Trump: US could leave World Trade Organisation
The US President has threatened to quit the international body, as he announced that he was pulling all US funding for the UN programme for Palestinian refugees.
At a time when the British government is considering leaving the EU to trade on WTO rules, Donald Trump has pledged to leave the international body, dramatically undercutting the group, which mediates between 164 countries on trade, and covers over 96 percent of global trade.
Trump said that "If they don't shape up, I would withdraw from the WTO," in an interview with Bloomberg News.
Despite the United States winning over 90 percent of cases it brings before the body, Trump argued "We lose the lawsuits, almost all of the lawsuits in the WTO.".
If the US were to leave it would join a group of 12 states which have not signed up to the body, including Turkmenistan, North Korea and Eritrea.
Barry Gardiner, Labour's Shadow Secretary of State for International Trade, said that Theresa May should use her "much vaunted" special relationship with the US President to "bring him back into line".
“Donald Trump’s threat to pull the US out of the WTO is a threat to the entire rules-based trading system. The world is already on the brink of a full-scale trade war, and this is the just the sort of action to tip it over the edge." he said.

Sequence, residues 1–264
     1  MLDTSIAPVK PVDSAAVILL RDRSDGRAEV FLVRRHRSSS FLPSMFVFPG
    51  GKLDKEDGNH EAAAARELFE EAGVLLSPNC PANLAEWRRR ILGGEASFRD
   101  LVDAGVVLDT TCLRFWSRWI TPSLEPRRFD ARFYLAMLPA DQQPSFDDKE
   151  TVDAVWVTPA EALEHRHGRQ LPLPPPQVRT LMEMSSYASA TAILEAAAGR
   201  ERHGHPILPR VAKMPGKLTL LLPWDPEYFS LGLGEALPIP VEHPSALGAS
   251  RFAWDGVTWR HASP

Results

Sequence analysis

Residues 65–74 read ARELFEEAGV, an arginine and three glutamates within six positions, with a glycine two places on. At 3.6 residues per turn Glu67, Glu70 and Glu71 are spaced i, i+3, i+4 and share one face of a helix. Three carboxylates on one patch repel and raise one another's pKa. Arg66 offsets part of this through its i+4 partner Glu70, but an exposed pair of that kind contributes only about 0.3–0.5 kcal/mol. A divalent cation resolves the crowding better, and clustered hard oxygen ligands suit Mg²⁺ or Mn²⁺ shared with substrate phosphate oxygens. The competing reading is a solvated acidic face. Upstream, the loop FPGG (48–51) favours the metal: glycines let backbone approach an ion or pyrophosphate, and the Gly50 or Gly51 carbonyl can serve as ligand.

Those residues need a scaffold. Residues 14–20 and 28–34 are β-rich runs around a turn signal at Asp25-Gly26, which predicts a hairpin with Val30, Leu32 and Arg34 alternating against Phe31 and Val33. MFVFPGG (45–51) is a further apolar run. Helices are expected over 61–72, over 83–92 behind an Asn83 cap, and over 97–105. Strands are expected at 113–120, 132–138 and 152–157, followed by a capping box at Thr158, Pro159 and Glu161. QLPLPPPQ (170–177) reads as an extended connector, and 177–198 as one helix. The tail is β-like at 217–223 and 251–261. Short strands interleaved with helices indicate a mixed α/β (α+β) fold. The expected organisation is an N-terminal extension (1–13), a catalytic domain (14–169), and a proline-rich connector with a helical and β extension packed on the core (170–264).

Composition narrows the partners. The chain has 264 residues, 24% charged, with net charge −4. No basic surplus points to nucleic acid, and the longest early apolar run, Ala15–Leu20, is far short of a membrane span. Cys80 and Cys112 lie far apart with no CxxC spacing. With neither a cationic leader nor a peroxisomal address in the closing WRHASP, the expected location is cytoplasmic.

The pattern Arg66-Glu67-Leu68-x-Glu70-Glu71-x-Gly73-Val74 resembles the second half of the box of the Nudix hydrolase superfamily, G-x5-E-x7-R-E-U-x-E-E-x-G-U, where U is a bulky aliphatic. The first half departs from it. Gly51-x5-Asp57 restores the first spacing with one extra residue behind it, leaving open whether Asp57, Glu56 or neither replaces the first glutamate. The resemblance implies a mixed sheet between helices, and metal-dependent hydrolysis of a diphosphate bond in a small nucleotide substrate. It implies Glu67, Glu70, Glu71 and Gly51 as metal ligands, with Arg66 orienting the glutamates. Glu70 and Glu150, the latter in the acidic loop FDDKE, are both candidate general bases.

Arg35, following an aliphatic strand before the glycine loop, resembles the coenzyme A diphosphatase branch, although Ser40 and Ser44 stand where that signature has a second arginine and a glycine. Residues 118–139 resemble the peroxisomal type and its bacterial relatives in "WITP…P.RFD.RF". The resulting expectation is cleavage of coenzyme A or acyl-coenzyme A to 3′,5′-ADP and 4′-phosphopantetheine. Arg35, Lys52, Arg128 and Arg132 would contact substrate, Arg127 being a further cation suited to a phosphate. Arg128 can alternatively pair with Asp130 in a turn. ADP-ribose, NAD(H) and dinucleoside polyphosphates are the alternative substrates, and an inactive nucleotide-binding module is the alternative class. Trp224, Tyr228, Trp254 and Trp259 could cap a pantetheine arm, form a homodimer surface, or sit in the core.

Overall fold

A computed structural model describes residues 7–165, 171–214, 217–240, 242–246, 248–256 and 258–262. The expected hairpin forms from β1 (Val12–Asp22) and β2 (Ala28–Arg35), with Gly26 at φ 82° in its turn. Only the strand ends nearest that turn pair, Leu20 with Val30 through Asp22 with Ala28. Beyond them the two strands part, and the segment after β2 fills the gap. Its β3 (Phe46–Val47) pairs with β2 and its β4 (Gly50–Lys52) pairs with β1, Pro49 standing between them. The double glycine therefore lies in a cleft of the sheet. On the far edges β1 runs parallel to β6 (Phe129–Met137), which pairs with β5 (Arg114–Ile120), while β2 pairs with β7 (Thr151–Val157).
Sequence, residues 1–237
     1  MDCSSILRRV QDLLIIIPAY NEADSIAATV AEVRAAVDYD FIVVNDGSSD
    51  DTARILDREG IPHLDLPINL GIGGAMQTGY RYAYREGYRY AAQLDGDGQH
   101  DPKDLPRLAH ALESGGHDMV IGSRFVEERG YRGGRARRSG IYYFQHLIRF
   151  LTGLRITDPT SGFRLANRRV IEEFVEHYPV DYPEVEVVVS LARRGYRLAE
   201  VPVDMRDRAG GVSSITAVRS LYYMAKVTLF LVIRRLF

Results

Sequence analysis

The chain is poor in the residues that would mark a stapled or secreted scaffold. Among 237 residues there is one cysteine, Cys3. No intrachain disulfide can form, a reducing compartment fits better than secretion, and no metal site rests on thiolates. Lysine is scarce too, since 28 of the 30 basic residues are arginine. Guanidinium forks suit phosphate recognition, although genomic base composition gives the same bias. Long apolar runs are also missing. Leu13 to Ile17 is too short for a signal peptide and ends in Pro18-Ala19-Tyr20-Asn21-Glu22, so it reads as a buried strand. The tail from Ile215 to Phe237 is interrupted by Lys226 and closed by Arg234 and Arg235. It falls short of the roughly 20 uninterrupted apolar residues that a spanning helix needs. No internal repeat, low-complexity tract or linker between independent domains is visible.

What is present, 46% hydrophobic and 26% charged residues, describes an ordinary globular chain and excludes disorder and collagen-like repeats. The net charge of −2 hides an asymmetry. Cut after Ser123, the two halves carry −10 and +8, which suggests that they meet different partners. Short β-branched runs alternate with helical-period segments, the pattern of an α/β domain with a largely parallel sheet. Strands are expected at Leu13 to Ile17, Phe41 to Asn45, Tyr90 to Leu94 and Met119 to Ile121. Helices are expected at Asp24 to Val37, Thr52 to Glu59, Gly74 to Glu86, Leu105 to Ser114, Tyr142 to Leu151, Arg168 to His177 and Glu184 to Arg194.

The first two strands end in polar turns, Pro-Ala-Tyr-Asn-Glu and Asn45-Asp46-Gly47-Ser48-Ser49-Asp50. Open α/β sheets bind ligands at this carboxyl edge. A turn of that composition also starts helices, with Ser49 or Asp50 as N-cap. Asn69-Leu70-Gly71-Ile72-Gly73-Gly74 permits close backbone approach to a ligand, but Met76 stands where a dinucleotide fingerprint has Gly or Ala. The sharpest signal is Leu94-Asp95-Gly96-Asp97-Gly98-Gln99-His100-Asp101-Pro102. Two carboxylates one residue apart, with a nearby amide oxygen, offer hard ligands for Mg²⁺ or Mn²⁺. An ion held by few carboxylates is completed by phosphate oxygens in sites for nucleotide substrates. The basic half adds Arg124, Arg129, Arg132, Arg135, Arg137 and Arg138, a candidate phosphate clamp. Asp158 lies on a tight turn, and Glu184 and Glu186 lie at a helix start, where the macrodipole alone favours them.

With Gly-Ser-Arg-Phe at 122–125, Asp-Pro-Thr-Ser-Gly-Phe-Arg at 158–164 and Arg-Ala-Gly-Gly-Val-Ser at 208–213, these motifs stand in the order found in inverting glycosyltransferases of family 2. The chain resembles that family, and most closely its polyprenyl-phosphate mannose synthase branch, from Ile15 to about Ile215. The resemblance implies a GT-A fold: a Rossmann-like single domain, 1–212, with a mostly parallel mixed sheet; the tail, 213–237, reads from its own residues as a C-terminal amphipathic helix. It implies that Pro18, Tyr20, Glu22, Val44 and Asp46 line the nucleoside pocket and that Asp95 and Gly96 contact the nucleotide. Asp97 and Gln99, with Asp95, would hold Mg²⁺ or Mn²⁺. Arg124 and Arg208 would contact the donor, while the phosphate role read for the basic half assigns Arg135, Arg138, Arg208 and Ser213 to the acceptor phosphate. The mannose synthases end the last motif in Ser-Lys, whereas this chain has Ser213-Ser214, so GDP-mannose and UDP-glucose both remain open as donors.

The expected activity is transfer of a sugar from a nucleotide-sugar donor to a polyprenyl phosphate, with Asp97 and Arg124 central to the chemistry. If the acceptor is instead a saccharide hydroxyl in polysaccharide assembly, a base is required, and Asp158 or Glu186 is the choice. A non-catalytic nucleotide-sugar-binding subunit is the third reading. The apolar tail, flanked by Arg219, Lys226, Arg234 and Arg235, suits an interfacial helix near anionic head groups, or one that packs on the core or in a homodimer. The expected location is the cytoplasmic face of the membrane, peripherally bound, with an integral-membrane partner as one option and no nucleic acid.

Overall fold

"Britain’s workers and businesses need a government that stands up for them and which fights for the rules that protect them from unfair competition.”
Meanwhile the American President is reportedly about to cut off funding for the United Nations' aid programme for Palestinian refugees, which provides services to over five million Palestinians in the occupied territories, as well as Lebanon, Syria and Jordan.
Trump has already announced that the US will no longer be giving $200 million to aid programmes in the Gaza strip, which tens of thousands of Palestinians relied upon.
The German foreign minister, Heiko Maas, said the loss of funding could lead to the dissolution of the UN's Palestinian aid programme. “The loss of this organisation could unleash an uncontrollable chain reaction,” he said.
The German government has pledged to make up some of the lost funding to the agency.